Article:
Look at this beautiful room. There are flowers on the windowsill. A young girl is watering the flowers. To the left, we find the essential day bed. The carpeting seems hand-woven and is almost identical to French-Canadian “catalognes.” The wooden floor is made of wide planks. They were still available in those days. The little stage is just right for children and makes a delightful side table for the person lying on the day bed. The furniture is colored and the day bed, covered with striped fabric: blue stripes.
In my eyes, Carlsson’s paintings of his family and home are his masterpieces. I love the details suggesting the daily life of a family. For instance, I see the little white cat in the kitchen, the wool on a small dining-table, a young pianist at the piano. Carl and Karin Larsson loved their home and made it their jewell. They made it Ett Hem (A home).
Carl Larsson (May 28, 1853 – January 22, 1919) was born in Stockholm to a very poor family. But his artistic talents were recognized in time for him to be trained at the “principskola” of the Royal Swedish Academy of Arts where success as a student gave him confidence and led to employment. For instance, he was, among other things, an illustrator.
Larsson, the illustrator
Working as an illustrator left an imprint on Carl Larsson’s art. Many artists do not let us see the sketch, or the lines, from which emerges the finished work of art. But Larsson leaves in the lines which links him to the Arts and Crafts Movement. The Arts and Crafts Movement, a mainly British movement, included such artists as Walter Crane, an illustrator. Its membership also included the very prominent William Morris, its chief member. The Arts and Crafts Movement is sometimes associated with Pre-Raphaelite artists such as Dante Gabriel Rossetti, Sir Edward Burne-Jones, John Ruskin, an artist and theorist, except that the Pre-Raphaelites went beyond realism. They reached for a utopia. As for Carl Larsson’s art, it is representational but very much alive. In fact, it constitutes a compelling chronicle of a dream come true: a home!
It is neither right nor wrong to show the sketches from which a painting emerges. Carl Larrson’s does so in a discreet manner and to the advantage of his art. It is characterized by definition, definition in its most fundamental acceptation. This style may be a matter of temperament, but it could also be a matter of choice.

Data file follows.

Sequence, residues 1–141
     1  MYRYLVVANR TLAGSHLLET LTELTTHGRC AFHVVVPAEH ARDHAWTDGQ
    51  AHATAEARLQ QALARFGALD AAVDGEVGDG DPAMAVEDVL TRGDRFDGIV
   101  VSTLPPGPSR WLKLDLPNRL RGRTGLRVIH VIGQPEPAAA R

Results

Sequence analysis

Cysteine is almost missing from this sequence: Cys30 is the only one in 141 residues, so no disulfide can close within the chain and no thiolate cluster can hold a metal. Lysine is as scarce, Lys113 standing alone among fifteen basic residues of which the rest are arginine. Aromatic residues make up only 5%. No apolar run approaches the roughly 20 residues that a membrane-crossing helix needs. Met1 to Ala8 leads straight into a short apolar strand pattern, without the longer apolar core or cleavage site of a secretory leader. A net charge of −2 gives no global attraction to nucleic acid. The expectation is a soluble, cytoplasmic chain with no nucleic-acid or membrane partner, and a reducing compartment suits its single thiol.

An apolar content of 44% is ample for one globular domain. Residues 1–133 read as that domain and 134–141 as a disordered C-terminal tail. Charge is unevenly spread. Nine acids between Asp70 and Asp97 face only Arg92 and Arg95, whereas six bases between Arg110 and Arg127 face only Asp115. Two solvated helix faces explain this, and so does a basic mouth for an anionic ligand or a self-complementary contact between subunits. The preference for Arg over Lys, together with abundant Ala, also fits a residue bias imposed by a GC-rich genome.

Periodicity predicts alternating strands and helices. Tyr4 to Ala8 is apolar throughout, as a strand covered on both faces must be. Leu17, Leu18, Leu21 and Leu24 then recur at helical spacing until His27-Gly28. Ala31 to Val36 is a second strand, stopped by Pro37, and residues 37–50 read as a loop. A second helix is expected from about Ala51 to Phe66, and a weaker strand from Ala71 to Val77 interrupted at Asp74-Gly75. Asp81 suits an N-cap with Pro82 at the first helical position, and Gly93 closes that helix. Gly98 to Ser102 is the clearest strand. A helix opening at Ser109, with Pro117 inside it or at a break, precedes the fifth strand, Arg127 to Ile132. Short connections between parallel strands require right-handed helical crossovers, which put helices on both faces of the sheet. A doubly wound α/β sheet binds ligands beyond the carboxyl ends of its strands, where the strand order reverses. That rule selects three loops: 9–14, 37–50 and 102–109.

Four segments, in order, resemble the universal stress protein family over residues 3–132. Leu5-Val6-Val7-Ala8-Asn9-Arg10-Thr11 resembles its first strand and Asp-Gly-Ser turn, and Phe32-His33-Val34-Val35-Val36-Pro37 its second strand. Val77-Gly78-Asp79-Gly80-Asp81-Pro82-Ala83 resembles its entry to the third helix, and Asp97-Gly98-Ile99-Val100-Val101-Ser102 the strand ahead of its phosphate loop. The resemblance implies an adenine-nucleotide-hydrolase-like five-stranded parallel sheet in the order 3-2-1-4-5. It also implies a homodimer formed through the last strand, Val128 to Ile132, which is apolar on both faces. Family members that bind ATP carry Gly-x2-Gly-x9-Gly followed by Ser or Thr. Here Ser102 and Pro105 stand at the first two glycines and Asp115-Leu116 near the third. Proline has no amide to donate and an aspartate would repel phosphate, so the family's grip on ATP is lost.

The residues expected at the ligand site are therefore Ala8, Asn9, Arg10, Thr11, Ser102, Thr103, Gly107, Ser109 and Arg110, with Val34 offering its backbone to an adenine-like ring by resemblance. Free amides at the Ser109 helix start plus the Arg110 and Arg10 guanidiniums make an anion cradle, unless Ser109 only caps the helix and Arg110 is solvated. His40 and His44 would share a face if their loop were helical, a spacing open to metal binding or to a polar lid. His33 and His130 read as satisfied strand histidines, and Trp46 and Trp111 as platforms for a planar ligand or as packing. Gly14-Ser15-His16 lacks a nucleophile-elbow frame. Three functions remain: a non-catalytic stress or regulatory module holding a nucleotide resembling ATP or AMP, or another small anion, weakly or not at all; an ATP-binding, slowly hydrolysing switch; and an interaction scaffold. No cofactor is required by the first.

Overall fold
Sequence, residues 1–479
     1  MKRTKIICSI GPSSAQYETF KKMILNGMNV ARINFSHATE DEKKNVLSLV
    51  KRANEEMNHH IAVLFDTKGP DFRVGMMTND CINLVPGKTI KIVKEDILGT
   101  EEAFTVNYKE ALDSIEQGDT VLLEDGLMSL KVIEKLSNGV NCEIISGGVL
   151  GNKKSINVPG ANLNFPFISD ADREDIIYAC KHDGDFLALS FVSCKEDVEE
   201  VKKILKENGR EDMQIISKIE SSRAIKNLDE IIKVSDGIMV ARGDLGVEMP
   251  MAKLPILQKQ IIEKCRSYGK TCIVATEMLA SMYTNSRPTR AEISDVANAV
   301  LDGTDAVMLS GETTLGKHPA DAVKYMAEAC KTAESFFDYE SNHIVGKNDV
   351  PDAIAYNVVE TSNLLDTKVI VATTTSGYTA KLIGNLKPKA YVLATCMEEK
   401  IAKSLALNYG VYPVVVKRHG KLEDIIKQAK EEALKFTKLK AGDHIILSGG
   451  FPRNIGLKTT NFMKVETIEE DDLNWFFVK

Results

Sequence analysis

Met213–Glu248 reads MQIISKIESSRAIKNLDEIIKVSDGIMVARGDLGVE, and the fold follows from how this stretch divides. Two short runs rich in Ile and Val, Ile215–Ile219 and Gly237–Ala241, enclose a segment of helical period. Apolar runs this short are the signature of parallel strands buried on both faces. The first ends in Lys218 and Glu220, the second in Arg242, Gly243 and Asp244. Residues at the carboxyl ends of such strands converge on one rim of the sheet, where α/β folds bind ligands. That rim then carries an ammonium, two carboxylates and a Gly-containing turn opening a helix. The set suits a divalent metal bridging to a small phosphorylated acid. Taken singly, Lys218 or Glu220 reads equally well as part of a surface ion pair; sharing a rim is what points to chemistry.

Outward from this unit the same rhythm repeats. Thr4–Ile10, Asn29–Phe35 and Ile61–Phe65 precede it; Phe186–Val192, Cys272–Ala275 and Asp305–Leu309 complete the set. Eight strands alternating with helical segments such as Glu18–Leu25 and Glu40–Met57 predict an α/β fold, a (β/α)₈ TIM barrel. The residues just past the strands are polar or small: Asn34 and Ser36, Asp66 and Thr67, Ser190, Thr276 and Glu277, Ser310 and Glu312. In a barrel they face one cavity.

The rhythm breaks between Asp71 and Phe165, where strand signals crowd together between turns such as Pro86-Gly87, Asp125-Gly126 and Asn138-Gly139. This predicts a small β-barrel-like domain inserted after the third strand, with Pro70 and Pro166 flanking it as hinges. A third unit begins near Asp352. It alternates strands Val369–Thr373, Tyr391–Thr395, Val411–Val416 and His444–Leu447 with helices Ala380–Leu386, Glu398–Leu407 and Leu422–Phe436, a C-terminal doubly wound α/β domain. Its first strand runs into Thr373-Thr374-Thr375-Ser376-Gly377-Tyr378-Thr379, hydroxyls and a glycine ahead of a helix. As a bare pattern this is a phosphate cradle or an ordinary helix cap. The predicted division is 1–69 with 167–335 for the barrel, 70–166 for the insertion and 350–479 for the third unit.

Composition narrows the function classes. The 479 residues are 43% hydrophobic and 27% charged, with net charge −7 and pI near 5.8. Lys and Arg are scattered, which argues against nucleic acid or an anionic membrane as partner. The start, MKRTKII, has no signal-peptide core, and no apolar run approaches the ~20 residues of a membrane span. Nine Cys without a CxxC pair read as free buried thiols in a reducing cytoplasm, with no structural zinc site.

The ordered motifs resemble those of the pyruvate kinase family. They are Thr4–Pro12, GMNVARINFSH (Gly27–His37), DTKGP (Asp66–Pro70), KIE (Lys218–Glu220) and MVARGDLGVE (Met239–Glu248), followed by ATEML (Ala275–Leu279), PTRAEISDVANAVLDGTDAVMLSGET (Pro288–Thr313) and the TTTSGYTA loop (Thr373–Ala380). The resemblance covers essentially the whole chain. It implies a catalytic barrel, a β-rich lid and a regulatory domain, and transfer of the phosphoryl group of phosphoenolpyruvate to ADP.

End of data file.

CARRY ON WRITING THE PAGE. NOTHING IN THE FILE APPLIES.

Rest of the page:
Larsson’s art also reflects exposure to the Barbizon School, a French movement particularly well represented by Jean-Baptiste-Camille Corot. In fact, having spent two years with the ‘plein-air’ Barbizon disciples, Larsson founded a colony of Swedish artists working in France. Among members of the group was Karin Bergöö, an artist and Carl Larsson’s future wife. She and Carl had eight children.
When he met and married Karin, Larsson left behind abject poverty to enter a world that gave him not a castle but the home he had not had as a child and which would be home not only to his family, but also to those among us who, as I have already expressed, require an occasional refuge. Lilla Hyttnäs is both alive and livable.
There is so much to say about Carl Larsson, but let the images speak for themselves. I will confine this blog to Carl Larsson’s paintings of Lilla Hyttnäs, in Sundborn, a house given to Karin and Carl by Karin’s father and which expresses the very essence of home.
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Let us listen to Carl Larsson tell us about his feelings when he first visited Lilla Hyttnäs:
While I was here, I experienced an indescribably delightful feeling of seclusion from the hustle and bustle of the world, which I have only experienced once before (and that was in a village in the French countryside).
Inspired & Inspirational
Carl Larsson was influenced by other artists only to become one of the most influential artists of his time and ours.Carl Larsson Paintings (please click to see the video and to enlarge small pictures)